In 1873, the Lafayette Advertiser printed a humorous story related by a Yankee newspaper reporter who was traveling on a Red River steamboat. The river, he reported, was "famous for the size and beauty of its alligators …. We had a man on our boat leaving Shreveport who was a little fresh in alligator history. He had not been born in this beautiful country, and what he knew about alligators would not fill a large volume.

"This is the way a naughty Louisianian instructed him: 'Do you see that bayou down there?' 'Yes; it looks gloomy.' 'Well, if we could stay here half an hour we would see a steamboat borne out.' 'Would we?' 'Yes, boats navigate that bayou but they are towed by alligators.' 'Towed by alligators! How you talk!' 'Yes, they can't use steam in that bayou; they employ alligator power altogether. The alligators are very large, and they hitch them in front with cables and they walk right off with it. They are trained to the work, and are as gentle as oxen. They know when the boat is coming and put themselves in position to be hitched in.'"

Several writers explained in great detail how Louisiana alligators were a menace to other animals. One author wrote that between the "deer and bear hunters and the alligator there is confirmed war" because the gators often ate the hunters' prized dogs when they swam a stream.

"An interesting and well-authenticated anecdote," he continued, "is told illustrative of the hound in avoiding its enemy. A gentleman living in the 'Opelousas country,' and remarkably fond of hunting, kept a choice pack of dogs, which, in going from the house to the woods, had to cross a stream celebrated for its innumerable alligators. They soon discovered where lay the danger, and when they desired to cross the stream, they would come together on the banks and utter the most unearthly yells. The alligators in the vicinity would pop up their heads above the water in all directions, and then simultaneously rush to the point of entering the stream. The hounds, having satisfied themselves that their enemies had come well together, would then suddenly start up the bank, run a few hundred yards and cross, making their ferry before the fooled reptiles could reach them."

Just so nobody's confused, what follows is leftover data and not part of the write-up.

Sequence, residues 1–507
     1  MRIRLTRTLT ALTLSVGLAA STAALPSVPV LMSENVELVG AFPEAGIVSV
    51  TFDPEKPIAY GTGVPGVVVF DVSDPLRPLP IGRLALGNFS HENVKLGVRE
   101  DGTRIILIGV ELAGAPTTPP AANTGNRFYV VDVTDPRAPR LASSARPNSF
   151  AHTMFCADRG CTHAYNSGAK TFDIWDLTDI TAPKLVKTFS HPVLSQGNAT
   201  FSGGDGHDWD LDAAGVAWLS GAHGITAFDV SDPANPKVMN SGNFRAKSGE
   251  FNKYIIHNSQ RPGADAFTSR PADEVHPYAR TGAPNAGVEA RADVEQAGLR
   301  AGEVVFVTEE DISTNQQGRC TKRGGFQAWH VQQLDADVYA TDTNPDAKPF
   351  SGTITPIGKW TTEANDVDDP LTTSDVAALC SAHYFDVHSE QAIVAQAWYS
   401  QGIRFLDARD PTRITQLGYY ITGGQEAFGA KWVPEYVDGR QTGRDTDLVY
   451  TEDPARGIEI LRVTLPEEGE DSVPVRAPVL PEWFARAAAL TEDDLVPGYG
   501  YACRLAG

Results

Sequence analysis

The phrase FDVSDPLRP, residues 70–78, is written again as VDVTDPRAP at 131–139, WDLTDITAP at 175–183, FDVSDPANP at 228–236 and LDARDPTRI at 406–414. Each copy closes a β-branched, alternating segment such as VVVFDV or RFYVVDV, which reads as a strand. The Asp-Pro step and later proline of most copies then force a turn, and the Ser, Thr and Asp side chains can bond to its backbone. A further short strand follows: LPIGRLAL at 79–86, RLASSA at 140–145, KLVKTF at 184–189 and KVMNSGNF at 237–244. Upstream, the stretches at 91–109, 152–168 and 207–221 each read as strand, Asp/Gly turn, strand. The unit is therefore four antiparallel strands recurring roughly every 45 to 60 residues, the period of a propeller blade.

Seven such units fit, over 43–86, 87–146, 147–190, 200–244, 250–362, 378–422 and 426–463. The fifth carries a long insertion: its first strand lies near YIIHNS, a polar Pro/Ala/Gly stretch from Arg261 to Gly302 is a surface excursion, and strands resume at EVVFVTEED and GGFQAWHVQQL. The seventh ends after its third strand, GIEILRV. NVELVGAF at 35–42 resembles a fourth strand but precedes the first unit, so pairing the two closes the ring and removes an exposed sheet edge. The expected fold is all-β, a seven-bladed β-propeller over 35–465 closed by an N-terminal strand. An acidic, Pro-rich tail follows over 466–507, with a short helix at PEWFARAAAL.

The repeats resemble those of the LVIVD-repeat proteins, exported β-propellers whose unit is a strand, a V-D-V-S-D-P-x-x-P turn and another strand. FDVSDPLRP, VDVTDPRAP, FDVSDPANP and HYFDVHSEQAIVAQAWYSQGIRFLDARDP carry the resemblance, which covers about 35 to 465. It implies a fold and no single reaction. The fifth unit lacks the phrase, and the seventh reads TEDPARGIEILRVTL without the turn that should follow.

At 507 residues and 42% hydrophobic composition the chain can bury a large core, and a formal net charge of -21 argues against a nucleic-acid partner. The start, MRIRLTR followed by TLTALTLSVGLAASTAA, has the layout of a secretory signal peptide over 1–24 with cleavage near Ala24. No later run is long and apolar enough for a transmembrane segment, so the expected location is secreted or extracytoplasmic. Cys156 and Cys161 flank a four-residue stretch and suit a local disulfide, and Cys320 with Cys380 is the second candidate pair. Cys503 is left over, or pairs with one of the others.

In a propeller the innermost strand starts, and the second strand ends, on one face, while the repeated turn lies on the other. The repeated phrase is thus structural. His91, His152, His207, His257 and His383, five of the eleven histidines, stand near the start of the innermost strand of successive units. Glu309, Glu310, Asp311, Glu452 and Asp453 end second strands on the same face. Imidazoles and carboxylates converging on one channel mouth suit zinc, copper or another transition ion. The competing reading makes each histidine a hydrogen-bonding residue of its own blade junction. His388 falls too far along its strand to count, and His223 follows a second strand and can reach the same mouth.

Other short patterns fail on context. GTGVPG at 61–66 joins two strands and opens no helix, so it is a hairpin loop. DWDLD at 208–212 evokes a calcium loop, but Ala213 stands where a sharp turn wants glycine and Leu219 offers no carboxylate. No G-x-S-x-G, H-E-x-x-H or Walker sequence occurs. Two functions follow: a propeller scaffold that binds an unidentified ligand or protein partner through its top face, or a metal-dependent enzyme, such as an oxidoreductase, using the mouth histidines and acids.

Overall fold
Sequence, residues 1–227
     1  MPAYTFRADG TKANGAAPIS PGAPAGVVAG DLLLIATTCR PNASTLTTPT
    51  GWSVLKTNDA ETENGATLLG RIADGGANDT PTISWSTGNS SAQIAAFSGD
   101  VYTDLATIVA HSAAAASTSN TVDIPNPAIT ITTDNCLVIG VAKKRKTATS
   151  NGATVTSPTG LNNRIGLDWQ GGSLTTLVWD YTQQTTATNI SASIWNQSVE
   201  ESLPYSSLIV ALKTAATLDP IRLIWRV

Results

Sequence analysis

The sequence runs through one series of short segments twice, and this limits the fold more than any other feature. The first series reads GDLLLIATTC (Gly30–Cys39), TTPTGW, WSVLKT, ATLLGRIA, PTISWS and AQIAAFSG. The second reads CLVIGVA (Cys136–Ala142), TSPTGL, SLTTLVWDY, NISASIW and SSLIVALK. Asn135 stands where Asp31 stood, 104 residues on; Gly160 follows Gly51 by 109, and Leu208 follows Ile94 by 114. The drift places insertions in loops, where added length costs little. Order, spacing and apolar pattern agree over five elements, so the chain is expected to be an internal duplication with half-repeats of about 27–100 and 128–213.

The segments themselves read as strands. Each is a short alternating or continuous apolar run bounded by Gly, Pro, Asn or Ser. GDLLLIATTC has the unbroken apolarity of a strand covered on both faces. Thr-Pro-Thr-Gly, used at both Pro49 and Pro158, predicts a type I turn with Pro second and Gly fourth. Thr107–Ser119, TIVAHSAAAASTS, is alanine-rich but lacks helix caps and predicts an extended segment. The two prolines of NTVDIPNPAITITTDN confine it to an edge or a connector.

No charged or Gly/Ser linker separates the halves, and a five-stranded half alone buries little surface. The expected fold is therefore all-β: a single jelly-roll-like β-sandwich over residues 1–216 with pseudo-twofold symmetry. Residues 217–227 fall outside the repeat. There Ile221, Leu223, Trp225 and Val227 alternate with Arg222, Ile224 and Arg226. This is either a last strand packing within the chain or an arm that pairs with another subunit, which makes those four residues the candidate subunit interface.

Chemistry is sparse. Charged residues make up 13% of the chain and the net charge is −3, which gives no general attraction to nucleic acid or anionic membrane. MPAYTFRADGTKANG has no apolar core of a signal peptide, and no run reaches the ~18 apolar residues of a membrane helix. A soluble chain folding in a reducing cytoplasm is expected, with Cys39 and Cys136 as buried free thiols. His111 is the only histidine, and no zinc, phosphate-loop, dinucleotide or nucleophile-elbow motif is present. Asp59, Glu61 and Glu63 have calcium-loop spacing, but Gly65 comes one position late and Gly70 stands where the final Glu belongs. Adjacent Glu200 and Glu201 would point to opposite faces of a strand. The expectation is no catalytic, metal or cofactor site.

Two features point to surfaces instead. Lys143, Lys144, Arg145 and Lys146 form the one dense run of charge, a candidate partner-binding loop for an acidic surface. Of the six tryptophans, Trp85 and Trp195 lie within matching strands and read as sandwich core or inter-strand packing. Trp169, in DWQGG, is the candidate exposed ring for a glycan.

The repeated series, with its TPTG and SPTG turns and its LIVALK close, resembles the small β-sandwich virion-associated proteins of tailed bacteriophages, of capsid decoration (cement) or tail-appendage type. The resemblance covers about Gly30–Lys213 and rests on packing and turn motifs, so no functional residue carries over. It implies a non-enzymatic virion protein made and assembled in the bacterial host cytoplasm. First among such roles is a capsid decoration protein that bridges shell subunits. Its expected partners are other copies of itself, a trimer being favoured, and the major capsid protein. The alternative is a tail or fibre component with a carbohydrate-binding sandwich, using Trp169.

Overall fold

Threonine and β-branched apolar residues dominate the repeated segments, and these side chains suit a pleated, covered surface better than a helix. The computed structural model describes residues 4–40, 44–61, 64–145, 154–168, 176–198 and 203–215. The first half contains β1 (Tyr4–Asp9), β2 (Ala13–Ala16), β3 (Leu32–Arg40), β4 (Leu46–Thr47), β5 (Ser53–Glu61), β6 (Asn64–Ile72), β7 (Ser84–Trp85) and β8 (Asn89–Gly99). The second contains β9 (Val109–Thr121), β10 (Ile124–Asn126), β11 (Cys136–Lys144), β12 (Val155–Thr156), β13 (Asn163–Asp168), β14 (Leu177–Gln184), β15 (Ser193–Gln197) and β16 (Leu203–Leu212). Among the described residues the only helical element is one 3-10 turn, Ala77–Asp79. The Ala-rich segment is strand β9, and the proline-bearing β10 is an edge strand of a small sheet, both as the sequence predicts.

The same writer claimed that, next to dogs, alligators preferred pork.

"We were very much amused on an occasion to witness a rash and terrible fight between an alligator of good size and a miserable old hog …," he wrote. "[A] pitch battle of some moments ensued, when, to my surprise, the alligator quit his hold and seemed satisfied to make off with a whole hide. The extraordinary part was, that the venerable and old porker never left the place, but, crowned with its victorious wreaths, quietly disposed of itself in the soft mud, and soon grunted itself into a sound sleep."

According to this writer, Louisiana alligators would even take on a full-grown bear. He related the story of a man who was fishing on a western Louisiana stream when he "was startled by the roaring of some animal in the cane-break near by, apparently getting ready for action."